With the year that cryptocurrencies as a whole are having, it’s no surprise that banks are being encouraged–if they haven’t already–to invest in digital currencies.
On June 19, the International Monetary Fund (IMF) issued a staff discussion note called “Fintech and Financial Services: Initial Considerations” stating that banks should look to cryptocurrency investments as a serious option.
“Rapid advances in digital technology are transforming the financial services landscape, creating opportunities and challenges for consumers, service providers and regulators alike,” the note reads.
According to the 49 page report, global investments in fintech companies has increased from $9 billion in 2010 to over $25 billion in 2016. Venture capital investments have also been on the rise, increasing from $8 billion in 2010 to roughly $14 billion in 2016. Of note, the report highlights that market valuations of public fintech firms have “quadrupled since the global financial crisis,” meaning it has outperformed other industries. This, no doubt, means investments in cryptocurrencies are rapidly becoming an attractive space to be in.
That said, some of the key findings of the report include:
- boundaries are blurring between intermediaries, markets and new service providers;
- barriers to entry are changing, meaning that they’re being lowered in some cases while being increased in others, “especially if the emergence of large closed networks reduces opportunities for competition”;
- technologies may improve cross-border payments, including alternatives to cheaper services and lowering costs of compliance with anti-money laundering and fighting financing of terrorism regulation.
“Overall, the financial services sector is poised for change. But it is hard to judge whether this will be more evolutionary or revolutionary,” the report reads. “Policymaking will need to be nimble, experimental, and cooperative.”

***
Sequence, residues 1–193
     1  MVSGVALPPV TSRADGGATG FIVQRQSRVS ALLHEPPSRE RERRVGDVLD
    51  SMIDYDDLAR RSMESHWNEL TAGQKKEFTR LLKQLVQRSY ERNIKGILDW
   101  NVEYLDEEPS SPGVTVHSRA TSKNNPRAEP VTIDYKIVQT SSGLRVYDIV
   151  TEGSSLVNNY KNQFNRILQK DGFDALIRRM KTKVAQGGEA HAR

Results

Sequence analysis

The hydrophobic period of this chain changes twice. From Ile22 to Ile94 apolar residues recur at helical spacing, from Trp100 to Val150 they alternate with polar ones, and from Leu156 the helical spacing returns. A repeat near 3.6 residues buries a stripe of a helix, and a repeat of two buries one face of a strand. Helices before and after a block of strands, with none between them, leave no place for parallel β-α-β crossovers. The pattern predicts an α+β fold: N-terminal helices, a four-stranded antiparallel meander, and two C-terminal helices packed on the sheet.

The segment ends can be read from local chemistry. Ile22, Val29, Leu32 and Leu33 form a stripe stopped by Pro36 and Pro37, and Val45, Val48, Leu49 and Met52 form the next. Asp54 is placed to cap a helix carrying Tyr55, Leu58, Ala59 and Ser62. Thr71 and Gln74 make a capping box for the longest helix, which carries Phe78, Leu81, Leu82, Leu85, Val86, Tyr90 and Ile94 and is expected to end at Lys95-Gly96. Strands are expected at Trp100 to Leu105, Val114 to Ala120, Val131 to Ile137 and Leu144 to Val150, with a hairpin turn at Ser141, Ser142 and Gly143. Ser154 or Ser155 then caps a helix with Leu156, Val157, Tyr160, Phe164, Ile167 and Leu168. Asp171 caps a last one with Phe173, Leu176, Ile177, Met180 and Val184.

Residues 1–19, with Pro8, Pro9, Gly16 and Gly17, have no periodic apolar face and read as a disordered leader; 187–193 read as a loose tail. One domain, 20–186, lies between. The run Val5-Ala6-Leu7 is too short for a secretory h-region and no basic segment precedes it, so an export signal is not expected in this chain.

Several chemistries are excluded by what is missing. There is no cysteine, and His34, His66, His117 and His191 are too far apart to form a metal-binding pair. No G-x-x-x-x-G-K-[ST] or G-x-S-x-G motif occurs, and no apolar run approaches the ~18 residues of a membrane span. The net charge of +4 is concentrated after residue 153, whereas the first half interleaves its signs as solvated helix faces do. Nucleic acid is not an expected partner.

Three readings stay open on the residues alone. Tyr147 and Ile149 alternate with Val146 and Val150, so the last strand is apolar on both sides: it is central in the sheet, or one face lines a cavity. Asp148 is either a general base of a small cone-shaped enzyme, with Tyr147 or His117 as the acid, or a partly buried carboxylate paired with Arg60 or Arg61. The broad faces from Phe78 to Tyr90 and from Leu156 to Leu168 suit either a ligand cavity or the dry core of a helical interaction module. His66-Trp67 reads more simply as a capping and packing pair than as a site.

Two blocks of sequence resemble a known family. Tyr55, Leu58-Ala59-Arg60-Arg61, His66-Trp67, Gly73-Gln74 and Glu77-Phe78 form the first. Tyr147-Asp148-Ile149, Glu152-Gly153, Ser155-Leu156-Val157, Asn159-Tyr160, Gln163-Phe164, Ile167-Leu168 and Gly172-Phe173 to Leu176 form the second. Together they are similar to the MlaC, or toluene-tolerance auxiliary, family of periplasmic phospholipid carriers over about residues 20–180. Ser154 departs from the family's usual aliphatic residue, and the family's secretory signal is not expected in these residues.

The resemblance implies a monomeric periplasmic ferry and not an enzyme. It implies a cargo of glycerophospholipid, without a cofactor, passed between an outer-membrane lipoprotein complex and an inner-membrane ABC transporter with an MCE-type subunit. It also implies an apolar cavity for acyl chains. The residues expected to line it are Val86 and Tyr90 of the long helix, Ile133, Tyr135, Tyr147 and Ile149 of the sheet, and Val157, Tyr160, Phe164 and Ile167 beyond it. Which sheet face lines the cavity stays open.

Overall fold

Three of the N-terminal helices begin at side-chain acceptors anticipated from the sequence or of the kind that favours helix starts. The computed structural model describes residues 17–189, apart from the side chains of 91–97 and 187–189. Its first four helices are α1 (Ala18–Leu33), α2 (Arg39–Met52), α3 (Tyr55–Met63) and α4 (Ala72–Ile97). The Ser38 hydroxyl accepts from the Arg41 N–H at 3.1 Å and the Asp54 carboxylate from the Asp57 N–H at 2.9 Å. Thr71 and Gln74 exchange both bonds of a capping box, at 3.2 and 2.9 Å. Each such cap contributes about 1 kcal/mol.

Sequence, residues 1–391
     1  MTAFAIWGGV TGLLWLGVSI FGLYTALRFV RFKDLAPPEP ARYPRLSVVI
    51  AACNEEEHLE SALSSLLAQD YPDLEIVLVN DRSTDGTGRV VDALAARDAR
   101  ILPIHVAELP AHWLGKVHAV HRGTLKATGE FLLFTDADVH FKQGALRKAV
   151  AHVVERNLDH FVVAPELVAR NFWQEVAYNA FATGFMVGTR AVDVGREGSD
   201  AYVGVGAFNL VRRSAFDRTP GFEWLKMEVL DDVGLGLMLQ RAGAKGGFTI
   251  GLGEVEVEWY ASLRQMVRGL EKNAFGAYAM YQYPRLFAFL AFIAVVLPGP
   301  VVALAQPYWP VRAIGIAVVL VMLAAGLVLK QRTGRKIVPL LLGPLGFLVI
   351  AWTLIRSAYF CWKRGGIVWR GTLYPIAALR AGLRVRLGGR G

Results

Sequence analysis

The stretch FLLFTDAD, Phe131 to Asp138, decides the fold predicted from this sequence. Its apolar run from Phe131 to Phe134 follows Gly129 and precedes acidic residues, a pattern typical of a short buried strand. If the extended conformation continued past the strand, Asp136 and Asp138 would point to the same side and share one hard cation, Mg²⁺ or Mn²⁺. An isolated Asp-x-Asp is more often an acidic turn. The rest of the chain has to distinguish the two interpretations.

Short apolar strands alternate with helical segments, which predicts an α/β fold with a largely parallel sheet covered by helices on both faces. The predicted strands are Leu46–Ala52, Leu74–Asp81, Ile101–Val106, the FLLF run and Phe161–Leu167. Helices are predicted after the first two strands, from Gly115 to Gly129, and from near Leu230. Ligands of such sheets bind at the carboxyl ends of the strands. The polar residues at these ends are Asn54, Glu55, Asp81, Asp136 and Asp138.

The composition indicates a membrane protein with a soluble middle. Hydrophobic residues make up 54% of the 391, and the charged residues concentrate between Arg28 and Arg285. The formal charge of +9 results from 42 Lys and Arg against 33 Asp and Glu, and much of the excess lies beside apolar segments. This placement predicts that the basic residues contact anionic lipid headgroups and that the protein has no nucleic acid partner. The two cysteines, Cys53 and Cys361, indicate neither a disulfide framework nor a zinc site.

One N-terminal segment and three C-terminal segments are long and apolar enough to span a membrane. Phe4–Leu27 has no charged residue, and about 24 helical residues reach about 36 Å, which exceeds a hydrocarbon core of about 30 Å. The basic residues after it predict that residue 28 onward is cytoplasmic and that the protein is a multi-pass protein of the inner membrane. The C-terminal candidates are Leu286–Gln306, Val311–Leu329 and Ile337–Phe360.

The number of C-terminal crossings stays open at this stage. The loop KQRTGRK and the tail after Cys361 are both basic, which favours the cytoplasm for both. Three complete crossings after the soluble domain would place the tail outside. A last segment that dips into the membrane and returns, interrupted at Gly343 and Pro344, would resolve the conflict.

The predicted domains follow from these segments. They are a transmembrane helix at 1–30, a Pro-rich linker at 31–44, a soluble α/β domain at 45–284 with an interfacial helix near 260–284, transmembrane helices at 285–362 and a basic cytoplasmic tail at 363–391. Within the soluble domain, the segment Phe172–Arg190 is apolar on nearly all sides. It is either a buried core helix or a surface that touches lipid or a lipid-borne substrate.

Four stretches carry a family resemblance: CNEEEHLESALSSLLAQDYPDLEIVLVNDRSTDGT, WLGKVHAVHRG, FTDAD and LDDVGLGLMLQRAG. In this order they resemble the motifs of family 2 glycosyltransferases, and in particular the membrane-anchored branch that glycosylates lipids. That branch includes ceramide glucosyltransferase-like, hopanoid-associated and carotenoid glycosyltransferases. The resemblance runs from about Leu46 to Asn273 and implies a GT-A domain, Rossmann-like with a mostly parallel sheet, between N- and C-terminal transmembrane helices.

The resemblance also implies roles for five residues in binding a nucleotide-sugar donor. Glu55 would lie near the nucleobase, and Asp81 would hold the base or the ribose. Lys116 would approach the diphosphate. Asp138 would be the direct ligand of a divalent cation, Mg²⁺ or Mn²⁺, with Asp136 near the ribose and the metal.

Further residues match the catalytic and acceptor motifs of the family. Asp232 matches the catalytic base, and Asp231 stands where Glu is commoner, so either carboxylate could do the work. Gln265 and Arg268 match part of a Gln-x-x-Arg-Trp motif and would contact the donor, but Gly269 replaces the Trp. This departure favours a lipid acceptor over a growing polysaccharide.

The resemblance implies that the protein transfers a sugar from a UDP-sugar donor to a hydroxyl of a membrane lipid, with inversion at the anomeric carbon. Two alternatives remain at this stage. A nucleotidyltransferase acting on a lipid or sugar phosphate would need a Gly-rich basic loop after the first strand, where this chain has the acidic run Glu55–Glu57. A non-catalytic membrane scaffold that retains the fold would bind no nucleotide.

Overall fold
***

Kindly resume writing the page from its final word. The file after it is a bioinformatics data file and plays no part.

The firm also stressed that regulator authorities need to be able to balance efficiency and stability tradeoffs in the midst of change, highlighting that cyberattacks, money-laundering and terrorism financing should be “effectively managed.”
With that in mind, Bloomberg reported that the People’s Bank of China has started testing its own prototype currency, while Vietnam’s central bank is allegedly looking into the possibility of using bitcoin. The US central banks, however, are still not looking to digital currencies. On the other hand, CNBC reported that Ashok Vaswani, Barclays UK CEO, has “been in discussions” about bringing cryptocurrencies “into play.”
Still–it’s hard to ignore the rise of cryptocurrencies over the last several years–and 2017 in particular–as more industries, companies and even countries have implemented varying uses of cryptocurrencies. As such, IMF states it is “well placed to play a significant role” in the fintech sector.
“With the blurring of boundaries among entities, activities, and jurisdictions policymakers need to consider implications for common standards and legal principles, to the extent that they align with national priorities,” IMF’s report reads.
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Securities Disclosure: I,Jocelyn Aspa, hold no direct investment interest in any company mentioned in this article.